Dutch Senate Dismisses ‘Stroom’ Bill, Offshore Wind Construction Delayed

The Dutch Senate’s vote against the new electricity and gas legislation yesterday evening is expected to delay the construction of new offshore wind farms by at least six months, according to Dutch minister of economic affairs Henk Kamp. 

Henk Kamp, Minister of Economic Affairs (Photo: Dutch Ministry of Economic Affairs)

“What you have achieved is to create a big problem for offshore wind,” the Dutch media quoted Minister Kamp as telling the Senate yesterday. Kamp had added that not only will the construction of wind farms run with a half-year delay, but also the quality will be lower and the price will be higher.

The decisive part of the “Stroom” bill that pushed the Senate to dismiss it was not the one referring to the offshore grid for the connection of offshore wind farms, but the part proposing mandatory unbundling of energy companies. According to Minister Kamp, the bill would have ensured that the electricity is delivered even if the energy companies should ever face financial difficulties.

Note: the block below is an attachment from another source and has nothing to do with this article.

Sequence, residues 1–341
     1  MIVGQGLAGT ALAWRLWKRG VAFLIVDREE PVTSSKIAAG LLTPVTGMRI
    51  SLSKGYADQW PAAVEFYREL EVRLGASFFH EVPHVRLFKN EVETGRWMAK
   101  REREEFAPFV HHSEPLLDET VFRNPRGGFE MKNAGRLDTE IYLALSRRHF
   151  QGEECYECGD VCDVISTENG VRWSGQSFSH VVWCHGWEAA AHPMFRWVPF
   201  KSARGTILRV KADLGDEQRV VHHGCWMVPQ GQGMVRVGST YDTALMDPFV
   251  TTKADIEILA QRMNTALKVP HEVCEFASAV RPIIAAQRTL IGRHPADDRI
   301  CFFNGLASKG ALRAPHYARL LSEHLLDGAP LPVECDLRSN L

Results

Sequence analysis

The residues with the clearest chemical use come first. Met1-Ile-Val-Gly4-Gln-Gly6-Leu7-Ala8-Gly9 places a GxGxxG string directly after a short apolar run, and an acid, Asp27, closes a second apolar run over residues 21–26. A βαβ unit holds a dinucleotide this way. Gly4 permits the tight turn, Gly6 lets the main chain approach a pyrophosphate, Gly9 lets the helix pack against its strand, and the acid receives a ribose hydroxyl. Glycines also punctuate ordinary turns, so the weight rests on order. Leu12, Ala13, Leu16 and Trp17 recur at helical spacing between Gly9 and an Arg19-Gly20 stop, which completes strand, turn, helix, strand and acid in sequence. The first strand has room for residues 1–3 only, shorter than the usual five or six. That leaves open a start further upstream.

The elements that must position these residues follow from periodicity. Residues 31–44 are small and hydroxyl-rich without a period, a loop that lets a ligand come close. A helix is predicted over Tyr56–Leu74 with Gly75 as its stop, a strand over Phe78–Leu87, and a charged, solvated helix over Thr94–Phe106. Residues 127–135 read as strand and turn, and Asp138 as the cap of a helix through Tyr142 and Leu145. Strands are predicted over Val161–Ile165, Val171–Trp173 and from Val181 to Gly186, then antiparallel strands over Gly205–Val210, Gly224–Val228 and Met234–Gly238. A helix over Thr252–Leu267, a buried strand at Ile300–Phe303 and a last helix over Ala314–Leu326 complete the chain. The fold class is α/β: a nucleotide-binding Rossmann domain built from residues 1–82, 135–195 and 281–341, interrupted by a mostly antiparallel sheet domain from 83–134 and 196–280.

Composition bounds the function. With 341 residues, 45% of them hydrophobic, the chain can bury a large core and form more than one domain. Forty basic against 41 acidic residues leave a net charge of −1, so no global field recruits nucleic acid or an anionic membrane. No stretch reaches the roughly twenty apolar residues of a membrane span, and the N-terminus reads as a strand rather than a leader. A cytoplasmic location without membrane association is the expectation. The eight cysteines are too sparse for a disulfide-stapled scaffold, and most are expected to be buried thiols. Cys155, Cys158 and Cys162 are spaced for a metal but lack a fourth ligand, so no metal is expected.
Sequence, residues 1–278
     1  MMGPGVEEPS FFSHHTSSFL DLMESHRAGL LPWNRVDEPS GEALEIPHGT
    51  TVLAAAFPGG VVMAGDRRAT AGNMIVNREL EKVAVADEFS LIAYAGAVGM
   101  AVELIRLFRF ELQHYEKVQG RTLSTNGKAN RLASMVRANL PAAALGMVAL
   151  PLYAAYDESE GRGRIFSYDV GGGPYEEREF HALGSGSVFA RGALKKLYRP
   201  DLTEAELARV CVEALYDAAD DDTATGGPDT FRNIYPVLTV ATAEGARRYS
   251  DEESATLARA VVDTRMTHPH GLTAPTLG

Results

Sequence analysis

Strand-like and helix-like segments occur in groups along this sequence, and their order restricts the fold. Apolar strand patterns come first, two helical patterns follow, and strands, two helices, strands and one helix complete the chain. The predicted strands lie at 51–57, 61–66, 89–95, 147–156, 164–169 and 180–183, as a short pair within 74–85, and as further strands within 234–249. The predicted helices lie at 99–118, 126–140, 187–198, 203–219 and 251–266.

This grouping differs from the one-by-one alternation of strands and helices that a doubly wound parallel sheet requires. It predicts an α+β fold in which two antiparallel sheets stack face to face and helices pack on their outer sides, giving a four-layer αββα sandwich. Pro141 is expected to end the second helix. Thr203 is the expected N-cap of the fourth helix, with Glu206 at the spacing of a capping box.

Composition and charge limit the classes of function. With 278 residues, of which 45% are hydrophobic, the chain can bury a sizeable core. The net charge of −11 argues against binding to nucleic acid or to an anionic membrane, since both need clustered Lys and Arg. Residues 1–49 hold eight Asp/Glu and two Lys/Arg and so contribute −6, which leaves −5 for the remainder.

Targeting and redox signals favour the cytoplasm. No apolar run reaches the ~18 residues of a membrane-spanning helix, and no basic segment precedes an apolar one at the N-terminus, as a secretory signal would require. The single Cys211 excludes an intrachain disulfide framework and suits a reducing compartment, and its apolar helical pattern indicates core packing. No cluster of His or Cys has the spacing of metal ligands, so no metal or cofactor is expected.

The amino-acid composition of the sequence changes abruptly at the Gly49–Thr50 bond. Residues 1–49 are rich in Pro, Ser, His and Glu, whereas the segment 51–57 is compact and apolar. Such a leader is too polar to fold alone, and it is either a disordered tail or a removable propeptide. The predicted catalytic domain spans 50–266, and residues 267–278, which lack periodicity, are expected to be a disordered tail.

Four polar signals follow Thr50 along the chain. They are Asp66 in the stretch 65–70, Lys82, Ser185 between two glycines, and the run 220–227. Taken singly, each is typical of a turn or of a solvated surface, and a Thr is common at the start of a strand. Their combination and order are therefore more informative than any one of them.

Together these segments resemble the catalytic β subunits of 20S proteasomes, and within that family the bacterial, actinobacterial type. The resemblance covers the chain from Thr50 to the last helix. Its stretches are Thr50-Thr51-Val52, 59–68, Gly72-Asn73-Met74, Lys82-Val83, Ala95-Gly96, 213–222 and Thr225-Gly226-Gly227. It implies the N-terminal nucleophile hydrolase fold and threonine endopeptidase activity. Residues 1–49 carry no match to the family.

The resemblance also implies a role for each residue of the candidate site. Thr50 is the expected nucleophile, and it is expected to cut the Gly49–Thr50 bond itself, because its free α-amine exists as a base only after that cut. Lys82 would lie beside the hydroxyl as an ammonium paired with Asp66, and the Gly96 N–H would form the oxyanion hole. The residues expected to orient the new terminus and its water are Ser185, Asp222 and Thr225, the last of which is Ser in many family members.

However, separating the energy producers and power distributors is already being imposed by the current law, despite strong opposition from  energy companies Eneco and Delta. The law sees energy generation and production as a commercial business, while power distribution should be in public hands. The two companies fear they might be taken over by larger foreign companies if their business is split. In July, Eneco announced it will no longer invest in renewable energy projects due to the mandatory unbundling.

Offshore WIND Staff